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Governance systems of yarshagumba collection and trade in the border region of India, Nepal and China

dc.contributor.advisorFaust, Heiko Prof. Dr.
dc.contributor.authorWallrapp, Corinna
dc.titleGovernance systems of yarshagumba collection and trade in the border region of India, Nepal and Chinade
dc.contributor.refereeFaust, Heiko Prof. Dr.
dc.description.abstractengWorldwide, the commercial collection of non-timber forest products (NTFP) has increased, with growing demands on domestic and international markets. This provides income opportunities for local people and links usually remote rural areas, where the resources are collected, with global markets. At the same time, it also enforces dependencies, increases the risks of overexploitation and extinction of the resource and often leads to contestation between different actors for access to these lucrative resources. Thus, actors modify and adapt existing governance systems to secure or gain access to the resource and profit from it. This thesis aims to provide an in-depth understanding of negotiation processes among state authorities and non-state actors, which shape governance systems and networks regulating access, extraction and trade of locally available natural resources in borderlands. Central questions are: How do actors adapt governance systems regulating commercial collection and trade of the resource in response to changes in relation to the resource, like an increased resource value? What kinds of production networks emerge in borderlands? What roles do state and non-state actors play in the negotiation processes shaping governance systems that control access to and benefit from commercial NTFP collection and trade in borderlands? The thesis uses the case of yarshagumba collection and trade in the remote high Himalaya of the Nepal-India trans-boundary region within the Kailash Landscape to explore these questions. The common pool resource ‘yarshagumba’ has been transformed from a non-valued natural resource to a highly demanded product on the international market. The study follows an inductive qualitative research approach applying different data collection techniques. The collection and trade of yarshagumba is part of complex political, social and economic systems in the borderlands within the Kailash Landscape. The results show that the local people are vulnerable to some extent, as they depend on the global market developments and are exposed to the governmental regulations, but they are not passive players in the collection and trading systems. They are active participants along with the state authorities in shaping governance systems and trading networks suitable and appropriate to their demands and interests. Local people are not in resistance to government authorities in borderlands, but out of necessity, jointly negotiate spaces with state representatives across borders. As a result of these negotiation processes between actors, I conclude that, in the margins of states, like borderlands, governance systems and networks for commercial collection and trade of NTFP move in and out of legality and use or bypass governmental regulations. Rather than formal rules and regulations, negotiation processes between actors play a key role to determine who has access to the resource and who benefits from the trade network. Thus, these governance systems and networks in borderlands are complex constellations. They are more than institutions. They are an interplay of rights, institutions, power structures, and social and economic relations between actors beyond borders adapting to changing conditions. They are dynamic and differ from resource to resource and from location to location. For sustainable and equitable management of natural resources in margins of states, policy-makers need to consider the political, social and economic dimensions related to natural resource management and resource production networks. A change in the way of thinking is required. Besides other recommendations, governments should reflect on state authorities’ own role, behaviour and involvement in the systems and cross-border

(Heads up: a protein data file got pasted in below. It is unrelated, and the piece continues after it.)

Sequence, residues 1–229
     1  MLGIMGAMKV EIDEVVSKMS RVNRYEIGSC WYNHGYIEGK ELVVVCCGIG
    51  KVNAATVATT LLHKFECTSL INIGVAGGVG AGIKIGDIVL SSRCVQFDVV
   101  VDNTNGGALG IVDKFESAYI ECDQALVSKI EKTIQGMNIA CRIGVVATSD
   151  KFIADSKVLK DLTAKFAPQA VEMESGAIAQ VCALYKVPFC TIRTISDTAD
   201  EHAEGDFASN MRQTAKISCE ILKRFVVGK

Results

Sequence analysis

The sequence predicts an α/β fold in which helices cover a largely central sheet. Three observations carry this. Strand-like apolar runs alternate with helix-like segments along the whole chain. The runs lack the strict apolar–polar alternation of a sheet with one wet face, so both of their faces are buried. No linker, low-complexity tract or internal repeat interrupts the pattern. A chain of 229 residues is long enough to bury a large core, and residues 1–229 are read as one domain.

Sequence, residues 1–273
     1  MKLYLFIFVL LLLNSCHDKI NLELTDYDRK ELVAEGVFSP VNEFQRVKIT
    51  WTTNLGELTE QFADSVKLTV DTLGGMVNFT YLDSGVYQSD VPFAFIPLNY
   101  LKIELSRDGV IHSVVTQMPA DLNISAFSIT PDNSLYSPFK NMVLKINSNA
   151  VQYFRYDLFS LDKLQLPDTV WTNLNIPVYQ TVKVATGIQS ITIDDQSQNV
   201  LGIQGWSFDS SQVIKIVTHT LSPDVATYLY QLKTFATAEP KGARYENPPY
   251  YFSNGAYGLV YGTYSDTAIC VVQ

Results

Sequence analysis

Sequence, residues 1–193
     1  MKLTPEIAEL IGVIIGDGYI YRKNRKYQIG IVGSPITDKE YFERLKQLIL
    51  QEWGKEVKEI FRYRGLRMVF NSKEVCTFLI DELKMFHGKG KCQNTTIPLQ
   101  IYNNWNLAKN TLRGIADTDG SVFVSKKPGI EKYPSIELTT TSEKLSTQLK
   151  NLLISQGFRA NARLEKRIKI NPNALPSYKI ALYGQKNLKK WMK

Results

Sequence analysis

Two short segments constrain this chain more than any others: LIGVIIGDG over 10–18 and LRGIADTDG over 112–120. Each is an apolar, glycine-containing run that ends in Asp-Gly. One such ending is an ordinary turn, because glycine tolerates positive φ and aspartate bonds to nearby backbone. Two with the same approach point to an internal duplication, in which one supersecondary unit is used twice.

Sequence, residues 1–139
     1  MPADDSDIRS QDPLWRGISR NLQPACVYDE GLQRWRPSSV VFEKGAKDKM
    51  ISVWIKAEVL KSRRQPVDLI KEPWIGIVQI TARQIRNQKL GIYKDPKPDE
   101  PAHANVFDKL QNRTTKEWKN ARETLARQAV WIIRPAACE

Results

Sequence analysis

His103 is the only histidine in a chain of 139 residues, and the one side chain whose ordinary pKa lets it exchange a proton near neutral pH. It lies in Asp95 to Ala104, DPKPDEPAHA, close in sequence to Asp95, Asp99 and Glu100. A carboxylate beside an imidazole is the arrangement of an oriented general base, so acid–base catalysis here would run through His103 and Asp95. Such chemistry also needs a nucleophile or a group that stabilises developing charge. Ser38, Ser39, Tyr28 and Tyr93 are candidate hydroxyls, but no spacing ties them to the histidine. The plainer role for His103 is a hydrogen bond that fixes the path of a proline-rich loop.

dc.contributor.coRefereeKeck, Markus Dr.
dc.subject.enggovernance of commonsde
dc.subject.enginformal tradede
dc.subject.engglobal production networksde
dc.subject.engnon-timber forest productsde
dc.subject.engophiocordyceps sinensisde
dc.affiliation.instituteFakultät für Geowissenschaften und Geographiede
dc.subject.gokfullGeographie (PPN621264008)de

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